I enrolled in my first MOOC, which started last week. It’s a course called Programming Languages, designed by Associate Professor Dan Grossman and others at the University of Washington, and hosted by Coursera.
What is a MOOC?
If you’ve never heard of MOOCs (Massive Open Online Courses), they’re online courses designed by universities, open to anyone (and free), and allow for unlimited simultaneous participants. Some are self-paced, some are scheduled. Some are offered by universities directly, while others go through a third-party like Coursera or edX. The concept is very much a work in progress. Read more here.
What’s not to like? Quality courses for the masses for free. I have no idea how it’s financially viable, but it seems a lot of involved parties are trying to figure that part out. Just who are these “involved parties”?
“The larger non-profit organizations include the Bill & Melinda Gates Foundation, the MacArthur Foundation, the National Science Foundation, and the American Council on Education. University pioneers include Stanford, Harvard, MIT, the University of Pennsylvania, CalTech, the University of Texas at Austin, the University of California at Berkeley, San Jose State University and the Indian Institute of Technology, Bombay IIT Bombay.
“Related companies include Google and educational publisher Pearson PLC. Venture capitalists include Kleiner Perkins Caufield & Byers, New Enterprise Associates and Andreessen Horowitz.” (source: wikipedia)
A lot of organizations, a lot of different ideas. Until they do figure out how to monetize it (if that’s the direction it ultimately goes), enjoy free courses! ;)
I can’t speak for any other provider yet, or even any other class at Coursera, but so far (only a week in) I’m impressed with the layout of this one. The site is divided into areas for:
- class announcements,
- installing required software (if any),
- lectures (in video and pdf format),
- homework submission,
- participating in the community, and more.
Everything up to this point has been easy to navigate and find. If you’ve taken eLearning courses before, it should be relatively easy to get up and running; however, the devil’s in the details so to speak. The most confusing part of the process has just been the newness of it all.
Fortunately, Dan is aware of that and acknowledges it right away. He made videos showing him installing the various required software and running a few sample programs, and he also explains the homework submission process in detail. When you’ve got hundreds or even thousands of participants in a class, you need to find ways to grade homework that doesn’t involve going through one (or a few) people.
There’s not much else to say about it yet, except that functional languages are much different than the OOP I’m used to! I can’t see how you’d write an entire application in it yet, but each successive “layer” builds upon an unchanging base, whereas pretty much any previously defined object in C# can be changed at any time, making earlier assumptions invalid. It’s difficult to explain until you see it in action.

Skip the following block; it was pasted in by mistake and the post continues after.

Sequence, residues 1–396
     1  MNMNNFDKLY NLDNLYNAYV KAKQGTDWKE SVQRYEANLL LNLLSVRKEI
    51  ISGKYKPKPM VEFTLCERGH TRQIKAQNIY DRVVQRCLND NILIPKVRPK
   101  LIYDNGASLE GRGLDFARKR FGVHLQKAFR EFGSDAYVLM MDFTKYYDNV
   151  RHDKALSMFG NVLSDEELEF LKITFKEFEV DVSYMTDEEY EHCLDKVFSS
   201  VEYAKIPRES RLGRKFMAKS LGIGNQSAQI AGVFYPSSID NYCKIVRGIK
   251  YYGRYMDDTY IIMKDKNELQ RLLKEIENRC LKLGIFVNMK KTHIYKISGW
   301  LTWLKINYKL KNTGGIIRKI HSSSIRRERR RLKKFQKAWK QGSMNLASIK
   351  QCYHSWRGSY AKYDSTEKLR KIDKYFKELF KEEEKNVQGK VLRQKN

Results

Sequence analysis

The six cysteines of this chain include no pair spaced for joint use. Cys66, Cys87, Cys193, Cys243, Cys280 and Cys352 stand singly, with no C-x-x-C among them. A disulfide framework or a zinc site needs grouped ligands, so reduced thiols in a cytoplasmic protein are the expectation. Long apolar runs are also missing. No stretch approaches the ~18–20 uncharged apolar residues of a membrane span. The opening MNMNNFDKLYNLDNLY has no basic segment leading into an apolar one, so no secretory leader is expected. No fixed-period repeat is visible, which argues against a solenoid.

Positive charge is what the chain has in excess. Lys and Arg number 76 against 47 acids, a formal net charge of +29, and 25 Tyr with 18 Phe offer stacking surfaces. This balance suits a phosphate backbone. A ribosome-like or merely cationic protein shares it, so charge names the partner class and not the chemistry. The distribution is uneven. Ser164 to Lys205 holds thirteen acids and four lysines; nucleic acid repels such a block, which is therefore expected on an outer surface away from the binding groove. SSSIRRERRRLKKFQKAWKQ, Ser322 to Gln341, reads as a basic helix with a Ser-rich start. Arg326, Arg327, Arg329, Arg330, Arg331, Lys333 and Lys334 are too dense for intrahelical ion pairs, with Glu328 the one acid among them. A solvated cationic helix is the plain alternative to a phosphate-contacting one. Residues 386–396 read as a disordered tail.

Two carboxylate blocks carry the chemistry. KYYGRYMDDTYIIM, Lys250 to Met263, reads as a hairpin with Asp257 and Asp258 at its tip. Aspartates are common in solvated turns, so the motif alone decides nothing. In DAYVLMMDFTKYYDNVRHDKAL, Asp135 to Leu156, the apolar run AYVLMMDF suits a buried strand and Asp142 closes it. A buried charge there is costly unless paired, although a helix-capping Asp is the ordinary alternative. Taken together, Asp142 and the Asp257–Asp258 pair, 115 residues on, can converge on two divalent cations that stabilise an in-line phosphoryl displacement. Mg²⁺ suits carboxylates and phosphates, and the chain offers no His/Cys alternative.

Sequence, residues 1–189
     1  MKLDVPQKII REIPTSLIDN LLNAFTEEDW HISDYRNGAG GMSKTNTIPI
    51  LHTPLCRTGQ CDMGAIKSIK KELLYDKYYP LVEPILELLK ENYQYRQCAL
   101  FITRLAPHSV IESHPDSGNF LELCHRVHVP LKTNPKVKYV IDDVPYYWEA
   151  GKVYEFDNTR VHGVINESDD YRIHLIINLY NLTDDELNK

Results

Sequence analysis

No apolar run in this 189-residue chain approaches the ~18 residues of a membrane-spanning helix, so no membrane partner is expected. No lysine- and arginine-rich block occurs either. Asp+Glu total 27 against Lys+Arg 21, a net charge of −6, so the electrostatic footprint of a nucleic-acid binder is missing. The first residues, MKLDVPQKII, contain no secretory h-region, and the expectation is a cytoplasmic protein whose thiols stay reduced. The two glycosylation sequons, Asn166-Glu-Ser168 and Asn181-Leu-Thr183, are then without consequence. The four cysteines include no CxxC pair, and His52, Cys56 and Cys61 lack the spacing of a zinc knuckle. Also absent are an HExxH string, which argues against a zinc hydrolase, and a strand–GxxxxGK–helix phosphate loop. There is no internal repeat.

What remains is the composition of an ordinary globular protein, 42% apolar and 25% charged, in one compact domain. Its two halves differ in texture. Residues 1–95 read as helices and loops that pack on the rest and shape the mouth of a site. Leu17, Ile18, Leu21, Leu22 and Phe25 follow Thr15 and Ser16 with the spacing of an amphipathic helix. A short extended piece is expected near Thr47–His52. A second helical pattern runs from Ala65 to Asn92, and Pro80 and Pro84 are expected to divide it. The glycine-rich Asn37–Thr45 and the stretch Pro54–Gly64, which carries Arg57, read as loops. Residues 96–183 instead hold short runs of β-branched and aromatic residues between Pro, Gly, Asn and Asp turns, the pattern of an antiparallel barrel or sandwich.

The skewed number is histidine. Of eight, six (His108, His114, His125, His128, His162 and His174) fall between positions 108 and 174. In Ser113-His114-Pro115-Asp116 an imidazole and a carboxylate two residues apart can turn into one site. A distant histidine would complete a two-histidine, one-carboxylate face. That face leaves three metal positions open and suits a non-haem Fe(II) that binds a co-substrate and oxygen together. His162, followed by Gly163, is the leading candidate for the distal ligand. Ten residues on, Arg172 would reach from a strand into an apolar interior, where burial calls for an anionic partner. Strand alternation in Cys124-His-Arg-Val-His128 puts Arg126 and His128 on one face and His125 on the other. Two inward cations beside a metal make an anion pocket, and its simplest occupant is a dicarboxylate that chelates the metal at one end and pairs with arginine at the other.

Why am I doing this?
More like, why am I doing this to myself? There are two reasons.
- I develop nearly exclusively in C#, and I’m looking to expand my horizons. No one language is perfect or lasts forever, and getting boxed into a single language is foolish. I hope to learn the basic concepts that apply to all programming languages, and get an introduction to functional programming at the same time.
- I want something semi-structured, to get me moving.
The last time I was in school was back in 2007, earning my Bachelor’s degree in C.S. Looking back, it provided me with several things:
- Accountability: There were deadlines and a moderate level of collaboration with other participants.
- Confidence: I stayed motivated and self-driven, seeing something through to completion.
- Mental Exercise: Finding new and interesting ways to challenge yourself keeps you sharp.
It was a PITA at times, taking courses when all I wanted to do in the evenings was relax, but I finished it. I’m proud of it, and hope I’ve set a good example for my kids.
Fast-forward 7 years. I read a bit, play around with new technologies a bit. But it’s so easy to get distracted, and for goals to get side-lined. It took me a week to get thru a 3-hour Pluralsight course on technical debt! (It was good, btw.) I’ve got 4 kids now, more responsibilities than before, blah blah blah.
That’s how rationalization works. And rationalization and procrastination go hand-in-hand. Why study when I could just relax? Why exercise when I could just relax? Why relax when I could just… um, relax more.
Basically, I want to push myself again, like I did before, and I think this may prove to be a good way to do that. Of course, things aren’t exactly like they were before. There are more participants (many more) than online courses I’ve taken before, so it’s less intimate. And the classes are free, so it’s easier to walk away when it gets tough or something else comes up.
If you doubt it’s tempting to walk away, just look at these abysmal stats from one class:
“In the course Bioelectricity, Fall 2012 at Duke University, 12,725 students enrolled, but only 7,761 ever watched a video, 3,658 attempted a quiz, 345 attempted the final exam, and 313 passed, earning a certificate.” (source: wikipedia)
Less than 3% of the original enrollment even attempted the final exam! Granted, I have no idea how the course was organized or what kind of technical limitations/aggravations there may have been, but geez it couldn’t have been that bad.
So, here’s to staying motivated enough to finish! It’s only 10 weeks. I’ll write more posts with my thoughts and experiences, as the course proceeds.